Natalie Haynes' Olympics: Forget about the empty seats. They can't punish us now
Natalie is a guest contributor for The Independent and writes. She was a guest contributor for The Times from 2006 - 2010. She has also written for The Guardian, The Observer, The Sunday Times, Sunday Telegraph and The Big Issue. She writes a monthly film column for The Reader's Digest magazine.
Tuesday 31 July 2012
One of the best things about this year's Olympics so far is how much it's proving what many of us already believed. The empty seats fiasco for one: huge numbers of sports fans who couldn't get tickets for any events have long been chuntering about the number of tickets reserved for sponsors and officials who don't really want them. The gaping expanse of emptiness at virtually every televised event on Saturday simply proved it. Here's hoping Locog mans up and starts selling or giving away Olympic Family tickets that go unused within 30 minutes of the starting time: if you can't be bothered to get there on time, even using your fancy Olympic lanes, limos and the rest, you don't deserve a seat. Besides, what are they going to do? Not give us the Olympics next time and send them to Rio instead?
Dear BBC: I know you messed up the Jubilee, but please....
I love the BBC Olympic coverage this year: it feels very much like everyone is trying extra-hard after the Jubilee to do things properly. I like the fact that they seem to have a former Olympian to discuss every sport, I like John McEnroe and Ian Thorpe, and I like that they have Gabby Logan who exudes head-girliness in a way which makes me think nothing could go wrong while she's in charge.
But could I issue a plea: if I go on record, here, to say that I think Sam Smith is a perfectly good tennis commentator, that she doesn't just have an in-depth knowledge of the game but also of the players, please can she stop trying to convince us? Commentating on Anne Keothavong's match against Caroline Wozniacki on Saturday, she was so keen to show off how well she knew the British No. 2 that she practically gave out Keothavong's home address. Enough already.
Why male swimmers are like seals – in and out of the water
My social circle is not generally very sporty. But the Olympic athletes seem to be reaching people other sports leave cold. So far, the male swimmers are the most popular: I can't imagine why. Maybe it's their extraordinary physiques, and that while they move like glorious seals in the water, when on land, they all look like they might trip over their huge flipper feet.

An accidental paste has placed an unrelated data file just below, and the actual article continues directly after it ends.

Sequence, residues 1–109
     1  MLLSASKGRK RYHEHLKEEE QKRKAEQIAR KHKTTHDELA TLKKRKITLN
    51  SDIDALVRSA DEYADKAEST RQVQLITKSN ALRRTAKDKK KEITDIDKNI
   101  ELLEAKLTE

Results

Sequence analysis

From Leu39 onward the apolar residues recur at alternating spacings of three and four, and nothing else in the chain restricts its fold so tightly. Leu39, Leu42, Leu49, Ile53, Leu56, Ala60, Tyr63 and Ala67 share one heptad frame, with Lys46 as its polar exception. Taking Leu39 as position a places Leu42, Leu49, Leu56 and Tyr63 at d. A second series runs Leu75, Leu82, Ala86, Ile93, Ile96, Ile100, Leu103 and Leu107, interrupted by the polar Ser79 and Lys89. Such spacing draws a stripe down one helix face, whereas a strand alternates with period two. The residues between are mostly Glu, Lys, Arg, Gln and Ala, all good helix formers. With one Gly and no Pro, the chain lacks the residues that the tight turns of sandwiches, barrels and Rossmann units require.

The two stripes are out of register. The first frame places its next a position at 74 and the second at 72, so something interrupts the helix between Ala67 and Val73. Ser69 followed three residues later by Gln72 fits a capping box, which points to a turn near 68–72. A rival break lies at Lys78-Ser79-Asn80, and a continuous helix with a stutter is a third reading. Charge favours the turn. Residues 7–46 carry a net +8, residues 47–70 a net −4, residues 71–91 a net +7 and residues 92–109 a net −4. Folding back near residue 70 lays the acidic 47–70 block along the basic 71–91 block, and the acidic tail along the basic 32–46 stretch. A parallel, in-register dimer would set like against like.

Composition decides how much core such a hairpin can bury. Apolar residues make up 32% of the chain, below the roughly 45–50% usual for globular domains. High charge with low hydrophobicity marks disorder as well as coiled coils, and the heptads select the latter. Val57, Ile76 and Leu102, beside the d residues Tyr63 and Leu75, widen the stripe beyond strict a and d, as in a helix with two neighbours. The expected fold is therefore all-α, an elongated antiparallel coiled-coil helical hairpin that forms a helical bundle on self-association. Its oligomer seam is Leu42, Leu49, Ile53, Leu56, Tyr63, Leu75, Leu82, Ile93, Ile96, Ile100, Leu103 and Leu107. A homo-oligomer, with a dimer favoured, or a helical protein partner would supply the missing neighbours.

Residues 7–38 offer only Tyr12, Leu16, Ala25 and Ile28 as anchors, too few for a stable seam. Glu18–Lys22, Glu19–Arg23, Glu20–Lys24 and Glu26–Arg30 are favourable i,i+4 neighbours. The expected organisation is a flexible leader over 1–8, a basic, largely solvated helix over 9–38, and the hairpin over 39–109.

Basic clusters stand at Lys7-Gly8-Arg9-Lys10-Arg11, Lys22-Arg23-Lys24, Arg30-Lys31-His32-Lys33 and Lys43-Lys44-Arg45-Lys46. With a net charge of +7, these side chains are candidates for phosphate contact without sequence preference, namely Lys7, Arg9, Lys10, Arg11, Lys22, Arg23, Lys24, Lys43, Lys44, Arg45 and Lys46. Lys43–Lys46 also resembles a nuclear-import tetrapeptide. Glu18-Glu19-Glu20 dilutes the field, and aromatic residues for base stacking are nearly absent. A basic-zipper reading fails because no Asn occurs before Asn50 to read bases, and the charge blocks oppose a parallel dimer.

The women's archery final was astonishing – just one point made the difference between silver and gold. But a nagging question remains: how do those women not have wonky faces, when they spend every day exfoliating one half of their mouths with a bow string? Perhaps they spend their evenings exfoliating the other half. It is a mystery.
The perfect riposte to Aidan Burley's outburst
Although most people were blown away by the Opening Ceremony, you may have read that Aidan Burley, MP and buffoon, found it all far too multicultural, by which I can only assume he didn't like that it featured black people, disabled people, children and the Queen.
Since losing his position as a parliamentary private secretary after an ill-advised stag weekend where guests dressed up as Nazis – which couldn't happen to just anyone – you think he would have learned that even if you do yearn for a monoculture (or as I like to call it, master race), it's often best not to mention it in public.
Of the many rebuttals of this vacuous man, the stand-up comedian and Olympics nerd Paul Sinha blogged the best one. 'Trust me,' he wrote, 'when I say that your vision of an Opening Ceremony – the ghost of Enoch Powell translating Latin whilst being filmed by Leni Riefenstahl – just wouldn't have worked.'
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